Dygalo said the United States was flying an unmanned rescue vehicle from a naval base in San Diego to the site where the Russian mini-submarine sank to the bottom after apparently becoming entangled in a fishing net at a depth of 190 meters.
Dygalo said the clock was running out for the crew of seven.
"Unfortunately the real situation now is that there is enough air only for 24 hours. The rescue operation will continue around the clock, without any breaks or interruptions," Dygalo said.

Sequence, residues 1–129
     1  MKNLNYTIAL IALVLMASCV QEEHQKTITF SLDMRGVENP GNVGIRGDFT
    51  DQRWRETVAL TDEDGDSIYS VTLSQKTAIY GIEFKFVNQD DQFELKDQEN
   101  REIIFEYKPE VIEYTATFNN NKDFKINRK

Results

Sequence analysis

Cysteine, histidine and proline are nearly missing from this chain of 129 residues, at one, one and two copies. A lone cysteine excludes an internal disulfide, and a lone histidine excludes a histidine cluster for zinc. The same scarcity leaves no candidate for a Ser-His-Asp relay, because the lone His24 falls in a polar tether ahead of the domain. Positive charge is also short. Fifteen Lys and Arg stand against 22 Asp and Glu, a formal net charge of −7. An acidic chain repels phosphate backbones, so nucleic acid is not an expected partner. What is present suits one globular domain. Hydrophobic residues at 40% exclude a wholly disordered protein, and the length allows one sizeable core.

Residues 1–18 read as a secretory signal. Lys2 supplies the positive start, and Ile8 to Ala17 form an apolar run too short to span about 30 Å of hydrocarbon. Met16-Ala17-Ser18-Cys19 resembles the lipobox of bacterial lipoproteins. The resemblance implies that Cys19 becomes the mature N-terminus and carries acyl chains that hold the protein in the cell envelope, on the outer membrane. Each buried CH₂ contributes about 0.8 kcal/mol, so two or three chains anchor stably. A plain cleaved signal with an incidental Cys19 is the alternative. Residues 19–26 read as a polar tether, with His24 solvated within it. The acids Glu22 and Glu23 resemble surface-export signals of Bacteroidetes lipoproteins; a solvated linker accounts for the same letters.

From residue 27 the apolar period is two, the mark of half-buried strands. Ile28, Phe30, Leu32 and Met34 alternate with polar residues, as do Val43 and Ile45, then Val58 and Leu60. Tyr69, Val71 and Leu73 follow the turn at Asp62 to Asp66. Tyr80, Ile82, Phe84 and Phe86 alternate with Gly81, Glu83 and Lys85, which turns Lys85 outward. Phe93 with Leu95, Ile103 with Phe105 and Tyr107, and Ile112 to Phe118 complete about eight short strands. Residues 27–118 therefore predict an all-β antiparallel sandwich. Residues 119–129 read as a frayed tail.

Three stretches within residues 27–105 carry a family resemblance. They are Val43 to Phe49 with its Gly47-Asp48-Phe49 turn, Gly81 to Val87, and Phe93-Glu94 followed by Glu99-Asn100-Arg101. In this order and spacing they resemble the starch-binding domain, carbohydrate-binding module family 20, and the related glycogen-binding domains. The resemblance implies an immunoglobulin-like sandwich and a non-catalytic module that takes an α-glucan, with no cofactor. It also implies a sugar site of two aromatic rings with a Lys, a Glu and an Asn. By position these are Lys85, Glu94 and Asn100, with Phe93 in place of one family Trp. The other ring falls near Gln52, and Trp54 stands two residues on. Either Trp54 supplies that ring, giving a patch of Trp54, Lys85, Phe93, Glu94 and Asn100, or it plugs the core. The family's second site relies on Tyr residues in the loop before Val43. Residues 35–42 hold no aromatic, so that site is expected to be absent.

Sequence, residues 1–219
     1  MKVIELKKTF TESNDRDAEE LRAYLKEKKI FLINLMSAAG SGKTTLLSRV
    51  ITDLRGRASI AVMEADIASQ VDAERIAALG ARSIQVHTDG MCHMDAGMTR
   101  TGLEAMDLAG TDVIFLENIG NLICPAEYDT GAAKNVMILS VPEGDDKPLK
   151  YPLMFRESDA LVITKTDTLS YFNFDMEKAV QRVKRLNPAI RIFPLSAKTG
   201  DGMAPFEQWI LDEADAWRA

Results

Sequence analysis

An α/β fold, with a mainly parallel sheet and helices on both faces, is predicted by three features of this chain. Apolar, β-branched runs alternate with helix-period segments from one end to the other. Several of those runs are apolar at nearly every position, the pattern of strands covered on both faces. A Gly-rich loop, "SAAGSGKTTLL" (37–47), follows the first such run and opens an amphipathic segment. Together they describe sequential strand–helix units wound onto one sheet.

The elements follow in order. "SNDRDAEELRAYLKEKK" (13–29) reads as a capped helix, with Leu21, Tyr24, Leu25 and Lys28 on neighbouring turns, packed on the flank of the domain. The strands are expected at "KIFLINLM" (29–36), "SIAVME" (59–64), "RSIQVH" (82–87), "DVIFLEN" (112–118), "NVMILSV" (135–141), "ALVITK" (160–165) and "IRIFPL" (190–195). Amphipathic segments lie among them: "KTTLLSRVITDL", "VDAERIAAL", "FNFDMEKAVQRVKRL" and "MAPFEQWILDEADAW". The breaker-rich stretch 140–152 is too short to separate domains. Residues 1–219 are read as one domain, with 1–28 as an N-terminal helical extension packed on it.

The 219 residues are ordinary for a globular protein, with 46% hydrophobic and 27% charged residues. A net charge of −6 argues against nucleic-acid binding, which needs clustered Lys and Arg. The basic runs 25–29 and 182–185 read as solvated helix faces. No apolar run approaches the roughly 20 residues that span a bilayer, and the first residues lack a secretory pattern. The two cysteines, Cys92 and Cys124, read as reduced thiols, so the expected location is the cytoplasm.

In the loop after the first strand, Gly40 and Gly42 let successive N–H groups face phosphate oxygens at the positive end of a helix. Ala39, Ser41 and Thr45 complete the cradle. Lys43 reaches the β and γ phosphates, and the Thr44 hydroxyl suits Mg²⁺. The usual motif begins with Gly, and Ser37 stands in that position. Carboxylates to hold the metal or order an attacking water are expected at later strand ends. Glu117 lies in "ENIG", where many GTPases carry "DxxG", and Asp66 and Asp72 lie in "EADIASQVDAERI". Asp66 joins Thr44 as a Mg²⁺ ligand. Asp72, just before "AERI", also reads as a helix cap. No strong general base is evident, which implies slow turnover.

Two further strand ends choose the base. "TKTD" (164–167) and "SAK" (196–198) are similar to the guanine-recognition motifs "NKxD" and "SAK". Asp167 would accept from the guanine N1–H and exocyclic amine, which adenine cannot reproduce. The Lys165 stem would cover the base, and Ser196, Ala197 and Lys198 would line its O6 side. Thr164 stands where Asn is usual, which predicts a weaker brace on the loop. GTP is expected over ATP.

Dygalo said Britain was providing "rescue means" for the operation but he did not elaborate on those means.
Russia has asked for assistance from Japan, which has dispatched several rescue craft. But Tokyo said earlier the boats would not reach the area until early on 8 August.